Next warns of staff shortages and price rises before Christmas

Shares hit record as fashion chain raises profit outlook on back of soaring sales

The fashion chain Next has raised its full-year outlook once more after soaring sales but warned of rising prices and staff shortages in the run-up to Christmas.

Its shares went up 4% in early trading to hit a record of £84.08 after the group reported pre-tax profits of £346.7m for the six months to 31 July, with full-price brand sales jumping 62% year on year and 8.8% higher compared with 2019.

However, Next said supply chain woes had led to higher freight costs pushing up prices by about 2% in the first half and cautioned this would continue into next year, with prices set to rise by about 2.5% in the first half of 2022.

Next added that some areas of the business had come under pressure from staff shortages, particularly in logistics and warehousing, which may affect its delivery service going into the peak festive season.

The firm called on the government to take action on the lorry driver crisis and wider skills shortages.

It said: “We anticipate that, without some relaxation of immigration rules, we are likely to experience some degradation in our service in the run-up to Christmas.”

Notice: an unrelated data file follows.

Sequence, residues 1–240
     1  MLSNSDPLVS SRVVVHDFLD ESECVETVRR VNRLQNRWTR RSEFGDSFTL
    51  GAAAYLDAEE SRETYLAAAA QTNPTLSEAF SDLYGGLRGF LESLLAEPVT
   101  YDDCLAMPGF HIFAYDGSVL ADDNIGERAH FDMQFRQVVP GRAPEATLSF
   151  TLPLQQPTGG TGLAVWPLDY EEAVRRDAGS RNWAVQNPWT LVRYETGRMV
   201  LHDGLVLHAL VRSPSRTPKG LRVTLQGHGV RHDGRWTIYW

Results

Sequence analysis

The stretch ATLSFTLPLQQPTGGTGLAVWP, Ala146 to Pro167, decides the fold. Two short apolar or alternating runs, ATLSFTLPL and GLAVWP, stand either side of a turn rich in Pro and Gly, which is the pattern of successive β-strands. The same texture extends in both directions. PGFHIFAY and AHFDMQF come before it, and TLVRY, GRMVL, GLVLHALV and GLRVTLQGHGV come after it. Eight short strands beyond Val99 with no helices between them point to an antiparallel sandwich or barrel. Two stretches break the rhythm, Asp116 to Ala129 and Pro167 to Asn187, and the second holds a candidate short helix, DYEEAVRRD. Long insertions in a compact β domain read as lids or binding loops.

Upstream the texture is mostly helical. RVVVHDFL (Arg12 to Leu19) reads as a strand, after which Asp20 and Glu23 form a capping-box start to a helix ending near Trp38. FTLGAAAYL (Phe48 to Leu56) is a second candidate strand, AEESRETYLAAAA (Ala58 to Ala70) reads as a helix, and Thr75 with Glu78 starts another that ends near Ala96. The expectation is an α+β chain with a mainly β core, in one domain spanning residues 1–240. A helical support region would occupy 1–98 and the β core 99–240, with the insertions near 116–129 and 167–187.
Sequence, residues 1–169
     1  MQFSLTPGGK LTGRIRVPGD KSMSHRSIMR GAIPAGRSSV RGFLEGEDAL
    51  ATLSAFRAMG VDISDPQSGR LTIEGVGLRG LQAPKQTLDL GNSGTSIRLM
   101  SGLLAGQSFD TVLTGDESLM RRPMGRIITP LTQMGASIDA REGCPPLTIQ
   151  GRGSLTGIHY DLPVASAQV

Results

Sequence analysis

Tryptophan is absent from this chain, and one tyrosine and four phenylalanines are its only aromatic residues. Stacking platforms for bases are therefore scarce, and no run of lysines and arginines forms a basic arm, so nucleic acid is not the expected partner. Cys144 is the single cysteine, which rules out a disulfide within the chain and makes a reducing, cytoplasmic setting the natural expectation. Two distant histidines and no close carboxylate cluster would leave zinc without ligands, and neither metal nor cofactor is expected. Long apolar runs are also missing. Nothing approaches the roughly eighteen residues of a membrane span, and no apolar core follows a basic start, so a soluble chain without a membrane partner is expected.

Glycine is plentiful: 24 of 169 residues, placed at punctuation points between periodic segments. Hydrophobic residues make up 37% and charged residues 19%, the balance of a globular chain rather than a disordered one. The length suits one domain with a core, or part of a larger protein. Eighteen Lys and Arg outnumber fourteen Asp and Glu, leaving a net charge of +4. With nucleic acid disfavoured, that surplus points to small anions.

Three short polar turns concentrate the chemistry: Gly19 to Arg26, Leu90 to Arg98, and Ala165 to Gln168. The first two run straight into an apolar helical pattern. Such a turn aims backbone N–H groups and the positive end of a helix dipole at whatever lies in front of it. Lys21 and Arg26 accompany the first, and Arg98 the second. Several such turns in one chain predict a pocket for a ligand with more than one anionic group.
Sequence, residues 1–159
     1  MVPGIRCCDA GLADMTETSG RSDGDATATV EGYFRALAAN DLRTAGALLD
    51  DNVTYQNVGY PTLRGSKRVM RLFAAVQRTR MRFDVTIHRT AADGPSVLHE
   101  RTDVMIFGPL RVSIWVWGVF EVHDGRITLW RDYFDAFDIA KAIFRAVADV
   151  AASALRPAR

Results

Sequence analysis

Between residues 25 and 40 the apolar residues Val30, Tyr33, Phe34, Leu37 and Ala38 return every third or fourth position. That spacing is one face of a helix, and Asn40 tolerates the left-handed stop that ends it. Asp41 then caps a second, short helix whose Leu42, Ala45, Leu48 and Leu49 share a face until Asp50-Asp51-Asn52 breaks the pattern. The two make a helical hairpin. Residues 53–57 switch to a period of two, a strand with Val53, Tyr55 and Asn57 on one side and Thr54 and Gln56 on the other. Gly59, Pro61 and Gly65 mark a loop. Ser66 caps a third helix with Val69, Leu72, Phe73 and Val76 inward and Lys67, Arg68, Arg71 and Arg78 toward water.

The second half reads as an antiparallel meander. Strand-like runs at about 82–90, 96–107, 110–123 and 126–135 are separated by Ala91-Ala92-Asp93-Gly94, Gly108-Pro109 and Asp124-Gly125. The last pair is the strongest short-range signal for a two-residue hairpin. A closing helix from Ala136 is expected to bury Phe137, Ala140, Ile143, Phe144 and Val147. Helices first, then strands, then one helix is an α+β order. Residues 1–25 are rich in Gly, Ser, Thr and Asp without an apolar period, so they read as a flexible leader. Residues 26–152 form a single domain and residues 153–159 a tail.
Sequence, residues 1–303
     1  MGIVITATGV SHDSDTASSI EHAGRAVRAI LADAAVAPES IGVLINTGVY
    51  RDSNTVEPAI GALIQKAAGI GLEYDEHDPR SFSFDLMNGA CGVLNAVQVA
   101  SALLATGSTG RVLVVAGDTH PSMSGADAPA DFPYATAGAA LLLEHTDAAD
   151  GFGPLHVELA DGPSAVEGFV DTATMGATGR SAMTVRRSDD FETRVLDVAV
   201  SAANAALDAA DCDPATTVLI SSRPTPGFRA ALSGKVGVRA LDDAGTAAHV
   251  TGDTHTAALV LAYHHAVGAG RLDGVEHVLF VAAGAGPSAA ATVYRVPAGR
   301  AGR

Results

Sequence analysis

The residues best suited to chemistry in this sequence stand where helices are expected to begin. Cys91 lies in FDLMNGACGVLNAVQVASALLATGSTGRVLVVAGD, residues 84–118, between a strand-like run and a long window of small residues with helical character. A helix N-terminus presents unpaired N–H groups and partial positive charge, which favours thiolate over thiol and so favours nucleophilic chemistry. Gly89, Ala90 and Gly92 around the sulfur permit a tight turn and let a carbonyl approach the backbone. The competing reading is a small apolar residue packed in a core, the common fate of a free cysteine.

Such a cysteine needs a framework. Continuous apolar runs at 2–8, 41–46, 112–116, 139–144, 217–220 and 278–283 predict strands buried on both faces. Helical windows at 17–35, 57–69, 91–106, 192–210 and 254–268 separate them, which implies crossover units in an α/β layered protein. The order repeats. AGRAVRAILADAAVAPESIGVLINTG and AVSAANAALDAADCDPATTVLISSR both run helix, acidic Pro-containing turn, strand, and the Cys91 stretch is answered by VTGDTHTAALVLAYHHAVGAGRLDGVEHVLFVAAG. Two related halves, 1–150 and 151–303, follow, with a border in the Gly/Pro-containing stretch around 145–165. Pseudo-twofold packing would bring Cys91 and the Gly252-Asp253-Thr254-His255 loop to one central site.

Next’s full-year sales and profit forecasts were up for the fourth time this financial year after a “materially” better-than-expected performance over June and July.

Full-price sales soared 20% against 2019 levels in the last eight weeks of the first half and Next said the second half had also got off to a strong start.

The group now expects sales to rise 10% on 2019 levels and pre-tax profits to reach £800m for the year to January, up 6.9% on 2019 and above previous guidance of £764m.

However, it cautioned the performance may be hindered by rising costs in the wider economy, the supply problems and a potential hit to its delivery service from staff shortages.

“The cost of living, along with the potential effect of seasonal labour shortages on our delivery service, may moderate demand in the months ahead,” Next said.

“The HGV crisis was foreseen and widely predicted for many months.

“For the sake of the wider UK economy, we hope that the government will take a more decisive approach to the looming skills crisis in warehouses, restaurants, hotels, care homes and many seasonal industries.

“A demand-led approach to ensuring the country has the skills it needs is now vital.”

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